Echézeaux, Domaine de la Romanée-ContiNow-2020 plus
Fullish, fresh colour. Rich, ripe, fresh, complex, DRC nose. This is impressive for an Echézeaux. Full body. Complex. Very youthful. Concentrated and balanced and delicious. A lovely wine with plenty of life ahead of it.
Grands-Echézeaux, Domaine du Clos Frantin (Albert Bichot)Drink soon
Medium-full colour. Good vigour. A rich, fullish, quite concentrated, meaty wine on the nose. Fullish on the palate. A touch astringent at he end. Good fruit but a little four-square. It lacks real flair. Good at best.
Clos de Vougeot, Domaine Joseph DrouhinNow-2020
Medium to medium-full colour. Good vigour. Classy nose. Discreet, elegant and harmonious. Lots of dimension. Medium-full body. Balanced, long and complex. Delicious. Very fine.
Clos de Vougeot, Domaine Mongeard-MugneretNow-2020
Medium to medium-full colour. No undue age. Rich and vigorous but at the same time rather clumsy on the nose. Medium to medium-full body. Ripe. A little sweet. Finishes better than it starts. But essentially not of grand cru quality. Good at best.
Clos de Vougeot, Domaine du Château de la TourDrink Up
Medium colour. No undue age. Quite ripe but rather weak on the nose. Quite developed. Light and feeble on the palate. Quite decent fruit but no depth. A poor result. This is the sort of wine which gave Guy Accad such a bad name.
Romanée-Saint-Vivantn Domaine de la Romanée-ContiNow-2020 plus
Good vigorous colour. Lovely nose. Quite different from their Echézeaux. The stems are not evident. Rarified, flowery, complex and subtle. Medium full body. Very lovely fruit. Long, lingering finish. This is excellent.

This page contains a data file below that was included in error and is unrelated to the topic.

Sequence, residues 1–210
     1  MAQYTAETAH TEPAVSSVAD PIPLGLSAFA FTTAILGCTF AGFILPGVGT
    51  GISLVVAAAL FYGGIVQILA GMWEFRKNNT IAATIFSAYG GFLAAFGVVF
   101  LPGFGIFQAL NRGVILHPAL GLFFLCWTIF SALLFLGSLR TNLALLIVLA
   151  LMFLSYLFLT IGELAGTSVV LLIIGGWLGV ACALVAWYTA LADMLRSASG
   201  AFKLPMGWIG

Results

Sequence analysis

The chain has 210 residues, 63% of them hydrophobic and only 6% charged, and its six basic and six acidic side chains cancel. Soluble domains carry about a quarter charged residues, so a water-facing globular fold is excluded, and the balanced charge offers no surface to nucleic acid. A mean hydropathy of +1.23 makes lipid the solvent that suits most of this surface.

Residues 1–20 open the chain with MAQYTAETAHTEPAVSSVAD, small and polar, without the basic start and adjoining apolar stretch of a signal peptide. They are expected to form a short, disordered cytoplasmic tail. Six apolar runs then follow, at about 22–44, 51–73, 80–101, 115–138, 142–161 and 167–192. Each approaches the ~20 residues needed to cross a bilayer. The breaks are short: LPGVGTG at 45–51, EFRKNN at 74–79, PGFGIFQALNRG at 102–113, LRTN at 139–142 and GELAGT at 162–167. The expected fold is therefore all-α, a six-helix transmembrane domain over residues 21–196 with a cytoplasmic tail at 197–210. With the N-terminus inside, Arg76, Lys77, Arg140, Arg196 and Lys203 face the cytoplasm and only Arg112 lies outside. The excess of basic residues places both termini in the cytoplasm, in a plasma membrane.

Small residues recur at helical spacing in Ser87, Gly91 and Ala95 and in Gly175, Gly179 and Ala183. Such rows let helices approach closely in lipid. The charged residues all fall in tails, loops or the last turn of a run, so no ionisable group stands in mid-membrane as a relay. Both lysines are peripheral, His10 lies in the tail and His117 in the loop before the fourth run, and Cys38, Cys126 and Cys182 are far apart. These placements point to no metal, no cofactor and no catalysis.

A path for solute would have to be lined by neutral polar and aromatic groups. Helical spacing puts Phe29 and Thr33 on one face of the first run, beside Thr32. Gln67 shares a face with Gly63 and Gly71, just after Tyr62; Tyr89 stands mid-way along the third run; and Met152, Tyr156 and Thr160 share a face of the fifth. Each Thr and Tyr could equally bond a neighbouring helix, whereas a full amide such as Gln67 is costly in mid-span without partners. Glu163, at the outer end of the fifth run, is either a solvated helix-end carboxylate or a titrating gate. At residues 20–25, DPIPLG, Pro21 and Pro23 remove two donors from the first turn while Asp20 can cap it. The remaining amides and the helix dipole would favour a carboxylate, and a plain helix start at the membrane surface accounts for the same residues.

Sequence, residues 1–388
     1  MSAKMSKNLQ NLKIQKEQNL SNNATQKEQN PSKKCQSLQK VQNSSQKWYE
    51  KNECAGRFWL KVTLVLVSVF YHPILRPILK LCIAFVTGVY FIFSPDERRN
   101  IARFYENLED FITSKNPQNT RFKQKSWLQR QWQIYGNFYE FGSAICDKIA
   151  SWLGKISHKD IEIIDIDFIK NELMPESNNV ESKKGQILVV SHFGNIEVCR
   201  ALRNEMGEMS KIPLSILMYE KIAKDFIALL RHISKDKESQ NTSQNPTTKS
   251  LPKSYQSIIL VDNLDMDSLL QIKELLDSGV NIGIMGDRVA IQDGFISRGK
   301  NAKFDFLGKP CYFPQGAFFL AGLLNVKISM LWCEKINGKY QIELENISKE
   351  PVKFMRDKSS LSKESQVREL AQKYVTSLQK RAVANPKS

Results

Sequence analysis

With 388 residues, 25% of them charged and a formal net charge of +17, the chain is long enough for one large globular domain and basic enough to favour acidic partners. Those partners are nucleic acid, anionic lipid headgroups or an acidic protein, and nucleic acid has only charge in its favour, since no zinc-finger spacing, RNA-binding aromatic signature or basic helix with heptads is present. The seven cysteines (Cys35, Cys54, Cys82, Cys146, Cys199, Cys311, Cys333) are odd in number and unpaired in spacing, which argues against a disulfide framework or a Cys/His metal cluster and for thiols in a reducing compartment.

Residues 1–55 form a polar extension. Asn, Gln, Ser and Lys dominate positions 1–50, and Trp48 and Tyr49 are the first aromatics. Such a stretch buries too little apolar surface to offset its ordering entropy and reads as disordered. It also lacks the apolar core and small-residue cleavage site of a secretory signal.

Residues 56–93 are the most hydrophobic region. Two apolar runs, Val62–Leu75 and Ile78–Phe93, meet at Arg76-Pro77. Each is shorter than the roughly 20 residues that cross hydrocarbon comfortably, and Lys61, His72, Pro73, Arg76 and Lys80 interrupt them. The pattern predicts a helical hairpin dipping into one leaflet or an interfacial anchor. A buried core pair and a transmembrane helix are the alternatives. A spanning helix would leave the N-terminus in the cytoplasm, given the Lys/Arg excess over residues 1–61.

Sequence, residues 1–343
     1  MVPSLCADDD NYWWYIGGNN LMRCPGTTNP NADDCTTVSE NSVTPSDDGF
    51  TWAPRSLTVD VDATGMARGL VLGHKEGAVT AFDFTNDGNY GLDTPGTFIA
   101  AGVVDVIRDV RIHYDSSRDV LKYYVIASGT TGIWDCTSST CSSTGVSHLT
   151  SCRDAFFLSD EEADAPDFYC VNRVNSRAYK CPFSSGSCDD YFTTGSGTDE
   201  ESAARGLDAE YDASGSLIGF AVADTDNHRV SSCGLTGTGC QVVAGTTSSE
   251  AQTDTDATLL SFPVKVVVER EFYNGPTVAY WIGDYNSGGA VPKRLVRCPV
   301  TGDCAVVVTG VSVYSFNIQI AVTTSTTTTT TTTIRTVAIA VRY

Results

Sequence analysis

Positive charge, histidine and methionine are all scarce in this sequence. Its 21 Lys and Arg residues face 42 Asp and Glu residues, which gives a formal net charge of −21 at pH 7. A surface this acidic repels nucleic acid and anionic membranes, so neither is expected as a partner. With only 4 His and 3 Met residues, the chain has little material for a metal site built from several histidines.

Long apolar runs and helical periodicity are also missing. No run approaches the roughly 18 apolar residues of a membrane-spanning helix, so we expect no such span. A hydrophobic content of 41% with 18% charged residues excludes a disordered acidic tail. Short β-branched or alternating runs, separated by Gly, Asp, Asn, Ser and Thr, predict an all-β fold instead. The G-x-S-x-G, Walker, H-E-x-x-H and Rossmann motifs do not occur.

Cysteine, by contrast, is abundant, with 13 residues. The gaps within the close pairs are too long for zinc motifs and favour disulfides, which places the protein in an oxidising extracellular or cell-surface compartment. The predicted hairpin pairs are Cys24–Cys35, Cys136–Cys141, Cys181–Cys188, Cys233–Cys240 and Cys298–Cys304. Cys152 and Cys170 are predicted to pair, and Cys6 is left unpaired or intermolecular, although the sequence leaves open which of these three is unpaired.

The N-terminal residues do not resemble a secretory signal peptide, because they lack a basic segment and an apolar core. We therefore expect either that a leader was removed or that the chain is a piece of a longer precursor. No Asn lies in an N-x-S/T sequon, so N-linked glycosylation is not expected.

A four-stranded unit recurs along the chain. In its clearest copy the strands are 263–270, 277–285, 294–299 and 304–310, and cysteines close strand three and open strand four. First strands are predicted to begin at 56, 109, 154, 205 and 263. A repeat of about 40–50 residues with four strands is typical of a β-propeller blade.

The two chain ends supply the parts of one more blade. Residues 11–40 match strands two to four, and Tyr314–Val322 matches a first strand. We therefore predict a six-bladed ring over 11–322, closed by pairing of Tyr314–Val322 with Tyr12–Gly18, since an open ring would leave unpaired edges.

Bonnes-Mares, Domaine Georges RoumierNow-2020 plus
Good vigorous colour. Rich, full, concentrated nose. Lots of wine here. Lots of depth. Full body. Very vigorous. Still very youthful. This is a profound, very classy wine with a splendid finish. Excellent.
Clos de la Roche, Domaine Georges LignierDrink soon
Medium to medium-full colour. The nose is reasonably full, but it lacks class and depth. Medium to meium-full body. Ripe and soft, but still fresh and with decent balance. Good but lacks flair.
Charmes-Chambertin, Maison LeroyNow-2020 plus
Fullish coour. Still youthful. Rich, classy, full and concentrated on the nose. Very promising. Fully ready on the palate. Fullish body. Mellow, sweet and succulent. More advanced on the palate than on the nose. Very fine indeed.
Chambertin, Domaine Joseph DrouhinNow-2020 plus
Fine, full, vigorous colour. Quietly concentrated, discreet and very classy on the nose. Full body. Lots of energy. Very fine almost chocolaty fruit on the palate. Very good grip. Lots of finess. Very long, very lovely and almost as good as the Rousseau. My second favorite.
Chambertin, Domaine Armand RousseauNow-2020 plus
Very full, youthful colour. Excellent nose. Very concentrated. Marvelous fruit. Very fresh. Full body. Very vigorous. Ample, rich and backward. Lovely finish. Excellent. Generally agreed as the wine of the tasting.
Is There Such A Thing As A Philosophy Of Wine?
Questions of Taste: The Philosophy of Wine is the title of a series of essays edited by Barry C. Smith which was published last year by the Oxford University Press. Randy Sheahan has already reviewed it in these pages, and as I largely agree with him that it is a load of pretentious rubbish, and not very elegantly or comprehensibly expressed at that, I shall not bore you any more with it.